Julie doesn't ask Roddy about Chiara, because she wants to ask him about the fact that he sucks. Don't we all. She brings up the fact that he admitted to having manipulated everyone in the house and taken advantage of their weaknesses. She asks whether that isn't, in fact, a form of lying. Yay, Julie! I mean, it isn't really a form of lying, but it is a form of acting like a dick, so she's close enough. Roddy babbles about how much integrity he has and how playing on people's weaknesses is "not immoral to do." Along here, I start thinking a lot about what his eyeballs would look like in a jar on top of my television.
On to Tonya. Julie asks her about the "harsh criticism" she took for the way she acted. For the zillionth time, Tonya rehashes the bull about how she should be allowed to "be a mom and be sexy." I am so sending her a dictionary. With "sexy" circled.
Julie asks Lori about her short stay in the house, and asks whether she's ever thought about whether she would have "stirred things up" in the house if she'd stayed longer. "Oh, Julie, yes," says Lori, projecting her voice past the dead and very rare Bohemian Mink-Covered Snake (serpenticus furrificus) draped around her neck. Everyone laughs, because Lori is from Wisconsin. Ha, ha! Those Midwesterners! "We'll never know how things would have been different," Julie says abruptly, trying to shut her up.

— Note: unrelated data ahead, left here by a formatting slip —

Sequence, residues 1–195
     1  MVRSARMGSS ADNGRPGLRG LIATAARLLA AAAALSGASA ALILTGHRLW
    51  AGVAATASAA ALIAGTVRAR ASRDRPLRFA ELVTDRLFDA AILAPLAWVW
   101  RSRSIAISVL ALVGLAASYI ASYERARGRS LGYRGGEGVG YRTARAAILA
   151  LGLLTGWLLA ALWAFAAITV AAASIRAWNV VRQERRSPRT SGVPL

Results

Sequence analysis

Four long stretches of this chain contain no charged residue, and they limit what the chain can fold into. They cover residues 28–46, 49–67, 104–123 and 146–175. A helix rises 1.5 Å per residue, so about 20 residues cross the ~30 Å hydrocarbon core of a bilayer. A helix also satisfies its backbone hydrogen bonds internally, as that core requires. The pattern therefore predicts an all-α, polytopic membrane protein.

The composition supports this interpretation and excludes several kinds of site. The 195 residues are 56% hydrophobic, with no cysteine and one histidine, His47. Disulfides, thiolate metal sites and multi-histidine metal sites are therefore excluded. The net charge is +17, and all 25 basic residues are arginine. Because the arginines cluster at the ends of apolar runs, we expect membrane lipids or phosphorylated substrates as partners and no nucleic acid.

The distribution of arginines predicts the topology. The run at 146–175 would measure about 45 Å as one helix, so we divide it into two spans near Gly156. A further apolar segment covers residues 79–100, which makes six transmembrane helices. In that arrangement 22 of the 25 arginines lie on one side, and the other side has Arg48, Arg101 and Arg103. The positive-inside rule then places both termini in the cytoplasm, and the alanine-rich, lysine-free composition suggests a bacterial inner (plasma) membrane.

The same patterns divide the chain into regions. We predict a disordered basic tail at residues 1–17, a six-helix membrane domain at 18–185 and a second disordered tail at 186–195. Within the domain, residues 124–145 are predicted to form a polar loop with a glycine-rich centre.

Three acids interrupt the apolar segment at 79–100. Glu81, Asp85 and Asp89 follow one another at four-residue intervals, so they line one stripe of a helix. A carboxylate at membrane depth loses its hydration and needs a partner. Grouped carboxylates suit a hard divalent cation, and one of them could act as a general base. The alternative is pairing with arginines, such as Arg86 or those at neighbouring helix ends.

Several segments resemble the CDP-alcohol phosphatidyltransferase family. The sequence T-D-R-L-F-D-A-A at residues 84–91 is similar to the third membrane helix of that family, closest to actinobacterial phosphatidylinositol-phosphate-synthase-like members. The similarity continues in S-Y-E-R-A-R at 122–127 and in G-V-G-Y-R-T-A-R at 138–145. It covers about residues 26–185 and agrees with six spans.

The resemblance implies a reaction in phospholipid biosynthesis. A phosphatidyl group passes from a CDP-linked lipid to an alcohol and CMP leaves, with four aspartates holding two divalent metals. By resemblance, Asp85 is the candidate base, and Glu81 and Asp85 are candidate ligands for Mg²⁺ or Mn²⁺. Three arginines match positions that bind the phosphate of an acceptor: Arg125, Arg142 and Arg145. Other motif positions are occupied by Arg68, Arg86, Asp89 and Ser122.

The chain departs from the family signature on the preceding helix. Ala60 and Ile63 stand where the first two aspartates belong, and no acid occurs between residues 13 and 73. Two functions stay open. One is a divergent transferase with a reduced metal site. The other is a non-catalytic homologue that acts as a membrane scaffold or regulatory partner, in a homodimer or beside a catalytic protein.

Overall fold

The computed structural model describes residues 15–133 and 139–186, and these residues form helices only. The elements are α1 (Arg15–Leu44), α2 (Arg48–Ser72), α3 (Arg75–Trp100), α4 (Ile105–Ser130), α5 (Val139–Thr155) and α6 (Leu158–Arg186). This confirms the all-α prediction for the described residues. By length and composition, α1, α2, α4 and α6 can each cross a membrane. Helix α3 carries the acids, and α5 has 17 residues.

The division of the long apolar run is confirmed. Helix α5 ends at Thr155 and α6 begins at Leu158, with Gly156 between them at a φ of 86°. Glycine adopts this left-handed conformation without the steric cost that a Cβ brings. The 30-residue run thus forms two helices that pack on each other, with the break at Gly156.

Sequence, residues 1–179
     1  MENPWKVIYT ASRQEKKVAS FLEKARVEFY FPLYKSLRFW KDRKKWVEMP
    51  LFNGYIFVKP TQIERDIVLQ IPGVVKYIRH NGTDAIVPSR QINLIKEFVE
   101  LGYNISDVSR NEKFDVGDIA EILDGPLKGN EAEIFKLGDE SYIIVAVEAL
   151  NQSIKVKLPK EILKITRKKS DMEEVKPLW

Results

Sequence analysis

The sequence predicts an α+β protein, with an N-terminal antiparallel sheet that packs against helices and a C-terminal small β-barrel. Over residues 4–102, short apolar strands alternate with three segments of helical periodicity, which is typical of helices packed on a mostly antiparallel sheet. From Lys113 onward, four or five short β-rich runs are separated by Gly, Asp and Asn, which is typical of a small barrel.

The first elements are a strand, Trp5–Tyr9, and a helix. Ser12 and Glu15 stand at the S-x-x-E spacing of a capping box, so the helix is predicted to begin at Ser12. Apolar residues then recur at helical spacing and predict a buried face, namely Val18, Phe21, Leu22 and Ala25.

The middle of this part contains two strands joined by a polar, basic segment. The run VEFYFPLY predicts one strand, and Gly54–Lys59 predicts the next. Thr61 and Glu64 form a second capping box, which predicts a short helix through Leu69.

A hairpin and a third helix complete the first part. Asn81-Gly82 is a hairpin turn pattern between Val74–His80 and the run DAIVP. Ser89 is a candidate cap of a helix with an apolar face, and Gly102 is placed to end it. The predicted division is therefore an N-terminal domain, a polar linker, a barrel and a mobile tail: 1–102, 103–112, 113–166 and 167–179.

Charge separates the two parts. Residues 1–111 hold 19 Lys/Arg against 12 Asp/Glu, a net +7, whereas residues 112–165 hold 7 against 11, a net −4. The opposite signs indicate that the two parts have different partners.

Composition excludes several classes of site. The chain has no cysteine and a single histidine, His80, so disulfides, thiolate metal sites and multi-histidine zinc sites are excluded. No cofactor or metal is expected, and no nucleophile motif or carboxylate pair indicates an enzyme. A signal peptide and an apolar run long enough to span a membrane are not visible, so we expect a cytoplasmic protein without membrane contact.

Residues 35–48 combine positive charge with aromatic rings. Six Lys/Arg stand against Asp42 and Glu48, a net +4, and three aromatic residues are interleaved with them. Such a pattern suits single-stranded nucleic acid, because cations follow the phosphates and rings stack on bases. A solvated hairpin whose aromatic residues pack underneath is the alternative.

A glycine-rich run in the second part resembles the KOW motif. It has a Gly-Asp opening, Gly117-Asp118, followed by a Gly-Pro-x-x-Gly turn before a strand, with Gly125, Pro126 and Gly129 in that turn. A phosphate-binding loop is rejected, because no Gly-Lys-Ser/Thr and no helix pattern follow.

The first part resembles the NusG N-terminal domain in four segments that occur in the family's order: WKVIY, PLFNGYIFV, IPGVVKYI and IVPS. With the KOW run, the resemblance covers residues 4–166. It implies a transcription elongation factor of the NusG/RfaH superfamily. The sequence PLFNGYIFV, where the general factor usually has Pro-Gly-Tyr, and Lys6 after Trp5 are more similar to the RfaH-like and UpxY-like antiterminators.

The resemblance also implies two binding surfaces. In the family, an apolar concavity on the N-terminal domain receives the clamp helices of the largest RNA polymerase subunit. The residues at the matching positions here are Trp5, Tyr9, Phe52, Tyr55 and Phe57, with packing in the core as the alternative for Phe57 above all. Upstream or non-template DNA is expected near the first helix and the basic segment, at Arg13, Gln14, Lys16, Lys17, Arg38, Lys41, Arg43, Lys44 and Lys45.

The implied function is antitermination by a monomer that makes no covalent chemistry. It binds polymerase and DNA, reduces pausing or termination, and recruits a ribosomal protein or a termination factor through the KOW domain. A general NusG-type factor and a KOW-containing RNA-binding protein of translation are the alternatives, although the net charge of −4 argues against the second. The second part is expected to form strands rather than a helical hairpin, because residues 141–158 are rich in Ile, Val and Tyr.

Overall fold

Moving along to Gerry, Julie asks whether his students think he's cool now, or whether he takes abuse for the things they saw. (I would think the lack of hand-washing would be a likely target for, say, sixth-graders. "Good morning, Mr. Poopyhands!") He says there's some of both, but he doesn't mind. He says that, fortunately, he was perceived as a "pretty cool teacher" before, so he's even cooler now. Gerry? Yeah. Quit while you're ahead, dude.
Julie reminds Marcellas of the time she whacked him in the back of the head with a card. He recalls that. "Did arrogance cost you this game?" Julie asks, in an unusually straightforward and un-Julie-like fashion. Much to no one's surprise, Marcellas says that arrogance didn't cost him the game -- his sheer wonderfulness and purity of heart cost him the game. He loved everyone, so his pure and true heart simply could not survive. It was sort of like Edward Scissorhands, the way Marcellas describes it. Get. The. Hook.